The US wants to help Mexico bankroll its ambitious plan for a slew of solar parks along their border, which is likely to require private funds and development bank loans, according to a top diplomat focused on Latin America.
Mexican President Andres Manuel Lopez Obrador has said Mexico is looking to build five solar farms in Sonora state. The government has said the financing could come from sources including development banks, as part of a $48 billion clean energy investment through 2030. The project also aims to develop battery production, and lithium mining and to help auto factories pivot to make electric vehicles.
“I expect there will need to be a mixture of governmental, multilateral development bank and private financing to realize these types of projects,” US Assistant Secretary of State Brian Nichols said in an interview Monday as part of a summit of North American leaders in Mexico City. “I’m optimistic that if we work creatively together, we can achieve that.”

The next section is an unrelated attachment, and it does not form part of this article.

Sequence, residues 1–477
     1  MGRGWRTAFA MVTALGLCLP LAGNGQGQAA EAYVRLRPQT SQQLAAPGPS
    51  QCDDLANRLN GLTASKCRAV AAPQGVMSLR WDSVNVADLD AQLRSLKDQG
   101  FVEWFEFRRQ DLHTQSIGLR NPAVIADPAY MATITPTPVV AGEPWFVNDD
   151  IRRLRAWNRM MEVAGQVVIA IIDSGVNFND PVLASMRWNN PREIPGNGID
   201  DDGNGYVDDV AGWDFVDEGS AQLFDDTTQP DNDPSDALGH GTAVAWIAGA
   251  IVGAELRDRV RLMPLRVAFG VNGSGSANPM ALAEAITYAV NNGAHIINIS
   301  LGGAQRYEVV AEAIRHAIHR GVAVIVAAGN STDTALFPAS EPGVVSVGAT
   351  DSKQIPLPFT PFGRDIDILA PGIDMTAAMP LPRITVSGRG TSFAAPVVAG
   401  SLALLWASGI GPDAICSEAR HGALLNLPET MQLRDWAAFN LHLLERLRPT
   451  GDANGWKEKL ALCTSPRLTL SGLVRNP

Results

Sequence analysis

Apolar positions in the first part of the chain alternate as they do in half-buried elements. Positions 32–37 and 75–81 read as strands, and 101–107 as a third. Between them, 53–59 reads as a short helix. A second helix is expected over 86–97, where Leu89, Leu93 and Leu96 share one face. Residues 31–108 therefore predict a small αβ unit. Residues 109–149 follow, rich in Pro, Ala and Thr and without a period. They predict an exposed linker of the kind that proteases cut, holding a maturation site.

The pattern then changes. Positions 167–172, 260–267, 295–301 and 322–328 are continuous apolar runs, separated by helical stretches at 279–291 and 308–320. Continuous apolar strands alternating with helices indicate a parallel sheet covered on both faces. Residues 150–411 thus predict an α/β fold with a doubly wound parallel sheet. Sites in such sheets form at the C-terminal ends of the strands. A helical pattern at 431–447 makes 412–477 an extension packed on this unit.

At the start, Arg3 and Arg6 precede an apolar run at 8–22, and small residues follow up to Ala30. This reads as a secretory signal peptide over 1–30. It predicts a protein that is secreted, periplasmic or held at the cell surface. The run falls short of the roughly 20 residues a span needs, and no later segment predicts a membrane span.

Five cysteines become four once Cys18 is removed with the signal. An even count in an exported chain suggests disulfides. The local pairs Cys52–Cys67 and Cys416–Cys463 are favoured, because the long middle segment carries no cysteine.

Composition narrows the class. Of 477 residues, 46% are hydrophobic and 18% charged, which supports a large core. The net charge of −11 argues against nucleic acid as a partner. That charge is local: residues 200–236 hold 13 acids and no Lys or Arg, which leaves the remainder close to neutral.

Nichols, who is in charge of the Western Hemisphere in the State Department, said there would be a joint effort to pitch a US semiconductor industry group on relocating supply chains to North America. But he didn’t back Mexico’s idea of together making direct approaches to individual companies.
“We’re going to work with our national association of semiconductor suppliers across the three countries to engage on that,” said Nichols. “That is a more efficient and market-led way to do this than door knocks on whatever number of companies directly.”
To develop the sector, North America needs to synchronize its regulations, provide ample access to clean energy and train up its workforces, Nichols also said.
While Canadian Prime Minister Justin Trudeau has said he hoped the summit could be an opportunity to make progress on a trade deal dispute against Mexico’s protectionist energy policies, in the interview Nichols said the leaders are unlikely to go into much detail on the matter during the encounter.